Breakfasts

Duck and Waffle
If you can’t be bothered queuing up for the London Eye, Duck and Waffle on level 40 of the Heron Tower in Bishopgate gives some sweeping views of London. Open 24/7 there is a pretty cool bar and a sit down restaurant, which we tried for breakfast. I had their signature duck & waffle dish and the confit of duck was delicious and indulgent. The Small People’s eggs were very good too, and they said that their first taste of “British sausage” hit the mark. It is a pricey breakfast with the view but also something different. Service was good.

45 Jermyn St
Next to Fortnum and Mason, I loved the interiors of this stylish bar and bistro and think it would be a fun dinner venue. The breakfast, while tasty, was very small and a bit frugal. My wild mushroom omelette was delicious, but came with no toast, and the small people got one small slice of bread each with their scrambled and fried eggs.

Dalloway Terrace
A stone’s throw from the British Museum, where we were headed that morning, Dalloway Terrace which I had heard good things about seemed like the ideal venue. We had a mixed bag experience. Service was all over the place and rather hopeless, but it was probably the best coffee we had. My shakshuka was incredibly delicious and I want to try and replicate it, but the Big Breakfast that the Small People ordered was dry and extremely unappealing, and not really that big for £16.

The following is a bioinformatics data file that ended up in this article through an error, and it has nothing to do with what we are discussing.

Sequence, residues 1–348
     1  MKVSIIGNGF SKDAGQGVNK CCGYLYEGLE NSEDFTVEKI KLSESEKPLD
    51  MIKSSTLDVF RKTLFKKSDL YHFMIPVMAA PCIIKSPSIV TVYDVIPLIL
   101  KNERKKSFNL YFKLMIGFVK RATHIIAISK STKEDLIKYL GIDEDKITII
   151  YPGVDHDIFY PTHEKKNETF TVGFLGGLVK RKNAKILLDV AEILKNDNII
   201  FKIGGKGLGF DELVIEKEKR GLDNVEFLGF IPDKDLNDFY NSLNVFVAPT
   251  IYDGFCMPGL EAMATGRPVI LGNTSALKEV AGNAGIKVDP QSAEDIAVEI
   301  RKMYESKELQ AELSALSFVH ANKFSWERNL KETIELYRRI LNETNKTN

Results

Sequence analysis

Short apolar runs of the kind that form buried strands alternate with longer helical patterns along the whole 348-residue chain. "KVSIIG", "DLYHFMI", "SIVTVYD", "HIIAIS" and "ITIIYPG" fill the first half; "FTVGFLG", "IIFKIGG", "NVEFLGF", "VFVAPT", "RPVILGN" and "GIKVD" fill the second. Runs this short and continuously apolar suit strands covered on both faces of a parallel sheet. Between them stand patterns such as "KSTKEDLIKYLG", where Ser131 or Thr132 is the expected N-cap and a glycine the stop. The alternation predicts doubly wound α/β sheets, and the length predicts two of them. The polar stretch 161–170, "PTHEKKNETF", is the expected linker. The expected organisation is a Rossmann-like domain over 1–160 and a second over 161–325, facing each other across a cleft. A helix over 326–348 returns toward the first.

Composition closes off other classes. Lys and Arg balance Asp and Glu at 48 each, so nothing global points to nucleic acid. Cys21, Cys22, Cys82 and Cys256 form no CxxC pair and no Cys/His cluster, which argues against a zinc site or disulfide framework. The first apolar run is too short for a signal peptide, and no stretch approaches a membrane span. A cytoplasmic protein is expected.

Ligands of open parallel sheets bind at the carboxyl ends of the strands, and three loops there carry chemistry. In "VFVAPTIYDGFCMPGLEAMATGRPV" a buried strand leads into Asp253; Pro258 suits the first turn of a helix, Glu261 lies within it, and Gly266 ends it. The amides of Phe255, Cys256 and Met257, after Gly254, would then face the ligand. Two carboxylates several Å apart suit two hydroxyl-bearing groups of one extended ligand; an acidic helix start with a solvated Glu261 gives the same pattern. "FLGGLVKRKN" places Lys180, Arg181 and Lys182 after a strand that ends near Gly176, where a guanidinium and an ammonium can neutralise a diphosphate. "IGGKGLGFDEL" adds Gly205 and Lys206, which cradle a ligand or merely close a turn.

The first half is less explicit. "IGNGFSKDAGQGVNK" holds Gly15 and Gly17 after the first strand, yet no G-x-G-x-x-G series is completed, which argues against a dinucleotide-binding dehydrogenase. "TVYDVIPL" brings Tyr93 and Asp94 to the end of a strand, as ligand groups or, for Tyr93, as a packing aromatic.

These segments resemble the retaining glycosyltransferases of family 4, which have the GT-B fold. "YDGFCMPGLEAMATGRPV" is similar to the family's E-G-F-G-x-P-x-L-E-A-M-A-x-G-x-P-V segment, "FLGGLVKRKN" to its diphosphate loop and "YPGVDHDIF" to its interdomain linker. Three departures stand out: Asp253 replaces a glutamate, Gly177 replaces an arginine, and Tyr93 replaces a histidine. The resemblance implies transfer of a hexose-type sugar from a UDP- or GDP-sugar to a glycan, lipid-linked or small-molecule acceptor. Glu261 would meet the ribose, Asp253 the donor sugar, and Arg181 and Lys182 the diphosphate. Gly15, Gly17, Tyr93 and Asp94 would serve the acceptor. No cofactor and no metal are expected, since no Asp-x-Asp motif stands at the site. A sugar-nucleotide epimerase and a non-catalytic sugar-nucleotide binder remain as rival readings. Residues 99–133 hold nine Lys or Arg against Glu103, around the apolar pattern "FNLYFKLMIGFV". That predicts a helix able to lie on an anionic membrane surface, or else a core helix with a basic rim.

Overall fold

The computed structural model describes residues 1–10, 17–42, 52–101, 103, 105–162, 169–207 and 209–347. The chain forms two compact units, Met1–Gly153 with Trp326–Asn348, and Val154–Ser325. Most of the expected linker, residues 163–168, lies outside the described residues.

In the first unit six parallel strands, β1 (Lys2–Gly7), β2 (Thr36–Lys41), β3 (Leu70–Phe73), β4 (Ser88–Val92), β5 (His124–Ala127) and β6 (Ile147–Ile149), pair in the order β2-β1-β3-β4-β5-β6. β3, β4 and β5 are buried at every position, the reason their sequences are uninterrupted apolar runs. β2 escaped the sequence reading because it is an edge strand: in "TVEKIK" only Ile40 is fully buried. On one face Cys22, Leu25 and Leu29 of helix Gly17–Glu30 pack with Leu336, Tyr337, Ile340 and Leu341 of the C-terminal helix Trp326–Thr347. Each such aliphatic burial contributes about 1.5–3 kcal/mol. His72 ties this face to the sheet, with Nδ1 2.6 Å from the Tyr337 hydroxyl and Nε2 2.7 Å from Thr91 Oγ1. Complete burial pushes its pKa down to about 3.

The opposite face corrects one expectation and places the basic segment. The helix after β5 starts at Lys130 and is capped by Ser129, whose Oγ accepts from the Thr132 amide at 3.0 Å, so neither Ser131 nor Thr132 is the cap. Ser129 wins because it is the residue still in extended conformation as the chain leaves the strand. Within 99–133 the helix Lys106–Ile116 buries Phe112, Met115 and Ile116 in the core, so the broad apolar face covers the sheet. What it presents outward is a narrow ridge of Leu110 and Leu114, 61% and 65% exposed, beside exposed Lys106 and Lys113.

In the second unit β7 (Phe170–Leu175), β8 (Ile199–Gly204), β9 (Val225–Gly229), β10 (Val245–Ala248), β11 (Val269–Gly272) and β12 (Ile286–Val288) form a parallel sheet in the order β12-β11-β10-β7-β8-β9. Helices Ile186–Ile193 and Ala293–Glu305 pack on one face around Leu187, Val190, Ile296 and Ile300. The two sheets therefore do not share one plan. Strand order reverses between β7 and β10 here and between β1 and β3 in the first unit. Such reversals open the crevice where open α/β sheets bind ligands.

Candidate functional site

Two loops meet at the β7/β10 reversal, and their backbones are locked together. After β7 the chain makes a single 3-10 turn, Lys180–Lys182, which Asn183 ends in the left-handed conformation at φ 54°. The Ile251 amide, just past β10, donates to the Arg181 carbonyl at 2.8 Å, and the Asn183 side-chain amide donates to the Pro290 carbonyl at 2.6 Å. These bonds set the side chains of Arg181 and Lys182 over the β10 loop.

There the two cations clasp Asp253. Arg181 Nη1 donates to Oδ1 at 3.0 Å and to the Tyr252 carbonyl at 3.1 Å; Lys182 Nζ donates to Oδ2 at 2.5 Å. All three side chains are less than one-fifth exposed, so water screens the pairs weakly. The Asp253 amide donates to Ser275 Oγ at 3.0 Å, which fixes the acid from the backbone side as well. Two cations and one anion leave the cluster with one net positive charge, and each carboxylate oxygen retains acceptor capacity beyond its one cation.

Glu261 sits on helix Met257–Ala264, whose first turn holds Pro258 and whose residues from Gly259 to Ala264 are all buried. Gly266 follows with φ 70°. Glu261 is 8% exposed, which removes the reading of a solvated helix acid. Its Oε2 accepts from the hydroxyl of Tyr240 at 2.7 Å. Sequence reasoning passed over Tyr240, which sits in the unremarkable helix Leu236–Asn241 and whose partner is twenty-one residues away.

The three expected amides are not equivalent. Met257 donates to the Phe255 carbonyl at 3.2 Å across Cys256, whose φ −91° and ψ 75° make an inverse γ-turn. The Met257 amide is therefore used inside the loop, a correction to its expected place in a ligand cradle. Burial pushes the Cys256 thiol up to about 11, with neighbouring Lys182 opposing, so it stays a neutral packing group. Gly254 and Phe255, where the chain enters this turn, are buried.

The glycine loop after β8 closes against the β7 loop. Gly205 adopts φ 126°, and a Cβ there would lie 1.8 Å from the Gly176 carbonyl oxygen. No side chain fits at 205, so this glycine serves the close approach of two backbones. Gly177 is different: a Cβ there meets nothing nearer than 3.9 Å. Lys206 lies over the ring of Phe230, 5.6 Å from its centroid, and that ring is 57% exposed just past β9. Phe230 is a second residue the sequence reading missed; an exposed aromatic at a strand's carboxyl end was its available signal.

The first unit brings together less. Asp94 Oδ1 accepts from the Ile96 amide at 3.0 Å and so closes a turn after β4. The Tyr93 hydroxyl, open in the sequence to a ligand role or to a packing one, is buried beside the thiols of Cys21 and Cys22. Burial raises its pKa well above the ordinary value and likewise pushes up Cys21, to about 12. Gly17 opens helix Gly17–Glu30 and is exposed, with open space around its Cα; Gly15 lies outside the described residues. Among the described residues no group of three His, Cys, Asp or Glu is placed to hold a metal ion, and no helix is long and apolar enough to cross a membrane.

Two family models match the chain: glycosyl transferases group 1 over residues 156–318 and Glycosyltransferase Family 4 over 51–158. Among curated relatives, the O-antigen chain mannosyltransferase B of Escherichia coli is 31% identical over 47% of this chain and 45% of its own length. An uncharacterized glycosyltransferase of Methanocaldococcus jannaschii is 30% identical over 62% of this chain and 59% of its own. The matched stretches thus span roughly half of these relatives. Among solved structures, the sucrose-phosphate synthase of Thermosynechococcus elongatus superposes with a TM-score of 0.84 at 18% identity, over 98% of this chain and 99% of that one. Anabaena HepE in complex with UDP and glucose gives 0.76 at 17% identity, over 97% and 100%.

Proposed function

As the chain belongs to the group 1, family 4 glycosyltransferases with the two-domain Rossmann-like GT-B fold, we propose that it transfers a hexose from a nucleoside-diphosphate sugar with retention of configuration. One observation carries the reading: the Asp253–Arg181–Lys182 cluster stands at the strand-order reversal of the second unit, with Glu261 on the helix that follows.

Daisy Green
Daisy Green is run by Aussies, as the Bondi Breakfast on the menu gives away. Daisy has a few siblings in other parts of London including Scarlett, Timmy and Darcey . It was a tasty and generous breakfast with some good creativity, we all really enjoyed it and certainly would have come back if it wasn’t our last day. We also had our first coffee under £4. Friendly staff.

Dinners

Unintentionally, we seemed to end up in the Soho area every night for dinner. I looked up various places before our trip and saw where I wanted to go, and they all just happened to be in the same area. Like New York’s Soho, there are plenty of choices clustered together.

Pastaio, Soho
I knew we’d be having plenty of pasta in Italy but I’d heard great things about Pastaio. And Steve Parle’s silky handmade strands certainly delivered, with a lovely simplicity that any nonna would approve of. There are also some great prosecco slushies, and my lemon one was very refreshing. It’s in a really fun laneway area, joining Kingly Lane where people were spilled onto sidewalks with a beer and lots of other venues to choose from. There are no bookings here.

Rosa’s Thai, Soho
A relatively cheap and cheerful Thai chain, there are a handful of Rosa’s across parts of London. The marinated pork skewers and the stir fried egglant dish were particularly delicious.

Yuautcha, Soho